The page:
A precedent had been set. It was now clear that car owners could be held liable for the injuries their racing machines inflicted upon the spectators at automobile races. It would only be a matter of days that spring before one of the injured men from the 1909 Sport Hill event brought a civil action against John H. Tyson, the owner of the Isotta driven by Glenn Ethridge in that race. That suit was for only $5,000, but the plaintiff in the case against Tyson was also the least seriously injured of those who had been hospitalized as a result of the previous year’s mishap at Miller’s Curve. Surely more lawsuits would soon be on the horizon.
Suddenly, participants were rethinking their decisions to run in any event where the crowds could stand close enough to the action to be injured. On April 11, 1910, the Automobile Club of Bridgeport suddenly abandoned the event. With less than 60 days until the scheduled races, it was simply too late to find and make ready a new hill capable of safely handling both the race cars and the crowds.
It took less than two days for the Bridgeport Automobile Dealers Association to pick up the mantle and take over the event. They were enthusiastic, yet completely inexperienced in handling an event of that magnitude. They eagerly jumped at the chance to run the race at Snake Hill. They called the road “ideal for a hill climb” in an April 13th article published in the Bridgeport Evening Farmer.
But Wilber Brooks Smith wasn’t the only Grinch in Fairfield County. Suddenly, there was serious opposition from another local part-time resident. This time it was Frederick Sturges, a New York millionaire and one of the directors of Standard Oil. Sturges maintained a summer home on Burr Street and filed an injunction in mid-May to halt the race. In an examination by Judge Ralph Wheeler at a hearing on the matter on May 25th, Sturges described the road as “his”, since he had been maintaining it and that the race cars would destroy if they were allowed to run. He admitted that he owned no autos, but that he had ridden in them. “The only time I ride in a car is in a taxicab in New York, and then I take my heart in my hand every time I do it.”
In the end, Judge Wheeler lifted the injunction and allowed the races to be run.
But it was too late to avert a disastrous climb. There were several other Decoration Day events that ran in the northeast, including a hugely attended hill climb in Wilkes-Barre, Pennsylvania. Unsure if the Connecticut event would even be run, many of the better drivers and machines withdrew their entries in the week leading up to the event. On race day, only a little more than half the heats would be run due to some classes lacking any entries at all. A total of only fifteen machines had pre-registered to run in the event, amounting to only about twenty-five percent of the previous year’s total registration. Five more automobiles were entered on the morning of the race, but of the twenty cars entered only eleven would compete. The remainder of the field either had last minute mechanical failures or the owners got tired of the endless delays and simply left. The crowds were respectively large – estimated to be in the range of 7,000 spectators, but they were certainly disappointed to see so few vehicles run the course. Automobile Topics’ June 4th recap of the event was almost generous with its headline: “Snake-Hill Climb Nearly a Fiasco.” The inclusion of the word “nearly” was a kind attempt not to embarrass the sponsors more than they had already embarrassed themselves.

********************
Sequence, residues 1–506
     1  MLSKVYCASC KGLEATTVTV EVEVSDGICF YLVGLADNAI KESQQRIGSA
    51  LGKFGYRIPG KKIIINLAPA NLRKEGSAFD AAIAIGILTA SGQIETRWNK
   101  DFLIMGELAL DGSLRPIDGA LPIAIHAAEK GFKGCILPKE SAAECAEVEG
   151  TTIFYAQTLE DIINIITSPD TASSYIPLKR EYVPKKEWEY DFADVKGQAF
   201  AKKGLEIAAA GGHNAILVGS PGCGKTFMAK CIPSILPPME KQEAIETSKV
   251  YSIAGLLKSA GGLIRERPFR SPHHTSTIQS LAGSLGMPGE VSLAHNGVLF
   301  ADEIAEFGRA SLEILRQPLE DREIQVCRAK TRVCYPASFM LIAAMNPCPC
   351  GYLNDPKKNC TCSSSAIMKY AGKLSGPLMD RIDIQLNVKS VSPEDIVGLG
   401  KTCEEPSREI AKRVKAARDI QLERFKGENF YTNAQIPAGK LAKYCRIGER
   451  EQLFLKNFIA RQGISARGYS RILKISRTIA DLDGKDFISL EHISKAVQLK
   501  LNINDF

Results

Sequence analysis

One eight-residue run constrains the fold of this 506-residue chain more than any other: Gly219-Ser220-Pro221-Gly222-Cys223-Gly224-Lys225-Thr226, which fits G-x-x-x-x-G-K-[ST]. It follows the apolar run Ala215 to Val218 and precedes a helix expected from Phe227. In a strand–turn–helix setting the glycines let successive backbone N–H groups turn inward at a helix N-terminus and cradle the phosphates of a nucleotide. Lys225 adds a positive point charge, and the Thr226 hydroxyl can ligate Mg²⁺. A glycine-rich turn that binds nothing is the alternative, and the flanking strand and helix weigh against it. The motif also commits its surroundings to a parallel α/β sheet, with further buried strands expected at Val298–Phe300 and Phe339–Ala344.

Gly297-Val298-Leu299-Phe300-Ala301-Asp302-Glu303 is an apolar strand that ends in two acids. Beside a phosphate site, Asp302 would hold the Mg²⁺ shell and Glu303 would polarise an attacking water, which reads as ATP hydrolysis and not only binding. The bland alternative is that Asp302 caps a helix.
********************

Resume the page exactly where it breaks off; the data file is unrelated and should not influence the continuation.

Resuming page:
The 1910 races would be the last to be run, The automobile association had clearly taken on more than they could handle and they immediately offered excuses upon the completion of the races, saying they would be too busy conducting their own businesses to run the event again in 1911. They left that option open to the Automobile Club of Bridgeport that had already exercised its own good judgement when it abandoned its plans for the 1910 event.
A sad ending to an exciting annual event. The arrogance and selfishness of two Grinches who stole the Sport Hill Races from Easton and the world will forever be remembered by those of us who cherished those eight early years in motor racing.